Another big-hitter when it comes to mobile VoIP is Truphone has been ruffling the mobile networks' feathers of late - so much so there have been efforts to disable it on some handsets. Indeed Truphone has just scored a notable victory for mobile VoIP by winning an injunction that stops T-Mobile from blocking access to its networkk.

Truphone is a voice-only service that is currently limited to Nokia's E series and N series phones, although a Windows Mobile version is in development. Unlike fring, it won't work on 3G so you'll need to be in a Wi-Fi hotspot to use it.

Once you've installed the software, you'll be provided with a Truphone number that can be accessed from within the application to make calls and text from. Credit for calls is added using the top-up method, although like most services, UK-based calls aren't that cheap unless you're ringing a fellow Truphone user or making a Wi-Fi-to-Wi-Fi call.

A recent newcomer onto the scene with a unique selling point is Noodle. Noodle offers the choice of two plans: a Noodle Oodles account that works with your existing contract and a dedicated pay monthly SIM card account. Both types give users the chance to earn cash back when they receive calls to their Noodle number, along with substantial discounts on international calls, although the SIM account does entail a monthly charge of £4.95.

In a nutshell

There's no doubt that Mobile VoIP provides a glimpse into the future, but with third-party providers at loggerheads with the networks, something has to give. The current set-up can still save you money - particularly if you make a lot of international calls and you're using Wi-Fi to ring people on similar VoIP services. However, it won't be replacing your trusty GSM handset just yet.

Mobile VoIP at a glance

Jajah Mobile Web

  • Requirements: Symbian handset, Wap 2.0/XHTML browser, mobile data account, Jajah account (Java plugin available for non-Symbian phones)
  • Mobile data access: Wi-Fi, 3G, GPRS
  • Dedicated VoIP number: Not needed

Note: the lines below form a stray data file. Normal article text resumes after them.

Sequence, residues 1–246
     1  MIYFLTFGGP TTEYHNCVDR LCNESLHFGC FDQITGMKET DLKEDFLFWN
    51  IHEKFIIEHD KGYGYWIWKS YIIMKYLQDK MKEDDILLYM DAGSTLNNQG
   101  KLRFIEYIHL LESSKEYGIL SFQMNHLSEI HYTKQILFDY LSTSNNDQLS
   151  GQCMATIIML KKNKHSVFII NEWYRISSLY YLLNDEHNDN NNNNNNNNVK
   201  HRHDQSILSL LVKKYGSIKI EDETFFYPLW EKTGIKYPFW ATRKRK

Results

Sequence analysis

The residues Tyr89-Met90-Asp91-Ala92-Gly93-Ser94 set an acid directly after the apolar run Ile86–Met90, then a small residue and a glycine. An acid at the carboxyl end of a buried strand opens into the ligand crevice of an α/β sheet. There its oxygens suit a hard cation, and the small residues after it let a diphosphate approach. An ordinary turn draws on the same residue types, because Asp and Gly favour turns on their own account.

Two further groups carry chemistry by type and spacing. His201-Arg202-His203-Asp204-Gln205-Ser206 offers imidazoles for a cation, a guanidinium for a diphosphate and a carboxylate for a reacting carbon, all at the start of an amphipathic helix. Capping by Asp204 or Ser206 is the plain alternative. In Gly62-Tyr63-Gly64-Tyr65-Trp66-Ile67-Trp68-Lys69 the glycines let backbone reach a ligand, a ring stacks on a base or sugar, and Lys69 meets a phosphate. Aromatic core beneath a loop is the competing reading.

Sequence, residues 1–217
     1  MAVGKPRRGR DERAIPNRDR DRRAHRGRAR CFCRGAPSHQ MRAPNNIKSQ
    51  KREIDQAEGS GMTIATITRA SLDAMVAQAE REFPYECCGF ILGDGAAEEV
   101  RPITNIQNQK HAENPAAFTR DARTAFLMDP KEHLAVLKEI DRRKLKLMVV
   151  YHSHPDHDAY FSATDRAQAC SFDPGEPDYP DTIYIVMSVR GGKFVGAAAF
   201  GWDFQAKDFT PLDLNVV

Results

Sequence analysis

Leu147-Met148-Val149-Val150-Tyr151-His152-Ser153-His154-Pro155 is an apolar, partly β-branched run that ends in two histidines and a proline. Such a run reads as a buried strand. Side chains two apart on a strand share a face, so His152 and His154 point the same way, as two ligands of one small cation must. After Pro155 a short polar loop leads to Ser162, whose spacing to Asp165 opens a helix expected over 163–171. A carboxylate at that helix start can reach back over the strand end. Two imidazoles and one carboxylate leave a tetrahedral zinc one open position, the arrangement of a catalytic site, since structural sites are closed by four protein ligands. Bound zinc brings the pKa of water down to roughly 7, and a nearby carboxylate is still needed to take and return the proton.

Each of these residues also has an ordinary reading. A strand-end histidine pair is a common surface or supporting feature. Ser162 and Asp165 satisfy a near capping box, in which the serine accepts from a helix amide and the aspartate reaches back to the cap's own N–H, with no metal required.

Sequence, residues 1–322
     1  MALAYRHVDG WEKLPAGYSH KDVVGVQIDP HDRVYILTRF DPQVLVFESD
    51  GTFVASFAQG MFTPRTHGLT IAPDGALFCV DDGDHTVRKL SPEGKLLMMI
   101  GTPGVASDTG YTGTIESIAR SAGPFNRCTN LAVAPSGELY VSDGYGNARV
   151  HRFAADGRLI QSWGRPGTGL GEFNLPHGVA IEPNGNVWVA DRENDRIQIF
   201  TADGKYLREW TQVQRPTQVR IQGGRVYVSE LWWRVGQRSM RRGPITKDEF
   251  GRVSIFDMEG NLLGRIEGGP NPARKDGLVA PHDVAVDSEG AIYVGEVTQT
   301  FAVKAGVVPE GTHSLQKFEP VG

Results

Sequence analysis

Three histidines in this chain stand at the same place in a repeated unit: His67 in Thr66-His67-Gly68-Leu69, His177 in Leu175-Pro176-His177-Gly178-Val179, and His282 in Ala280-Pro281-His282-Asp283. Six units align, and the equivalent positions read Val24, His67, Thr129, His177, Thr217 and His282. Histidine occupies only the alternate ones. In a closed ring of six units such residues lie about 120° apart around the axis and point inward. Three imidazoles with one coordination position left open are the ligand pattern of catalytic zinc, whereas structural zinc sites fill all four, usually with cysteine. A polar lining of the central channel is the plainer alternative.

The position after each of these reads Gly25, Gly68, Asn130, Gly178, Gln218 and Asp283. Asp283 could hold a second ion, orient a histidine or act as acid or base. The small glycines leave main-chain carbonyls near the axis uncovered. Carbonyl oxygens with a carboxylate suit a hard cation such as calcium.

• Payment: Credit card or bank transfer payable once calls have been made
  • Pros: Seamless user experience is like making a normal call
  • Cons: Full application only available for Symbian handsets

Fring

  • Requirements: Symbian or Windows Mobile handset with mobile data account
  • Mobile data access: Wi-Fi, 3G, GPRS
  • Dedicated VoIP number: Yes
  • Payment: Calls come as part of your network's inclusive data usage
  • Pros: Acts as a client for up to five VoIP accounts including Skype and GoogleTalk, with real-time presence and Instant Messaging
  • Cons: Cost effectiveness depends on your network's data tariff

Truphone

  • Requirements: Select Symbian S60 handsets
  • Mobile data access: Wi-Fi
  • Dedicated VoIP number: Yes
  • Payment: Top-up and talk
  • Pros: Free call-forwarding to your standard mobile number if you're unreachable
  • Cons: Limited number of compatible handsets

Noodle

  • Requirements: All recent UK handsets supported (GSM1800 required), noodle pay-as-you-use SIM or noodle oodles account
  • Mobile data access: Combines GSM at the user end with VoIP at the network end
  • Dedicated VoIP number: Yes
  • Payment: noodle SIM £4.95 per month; choice between monthly Direct Debit and voucher account
  • Pros: No handset restrictions and flexible payment options with cash back for receiving calls
  • Cons: Complex calling structure can be confusing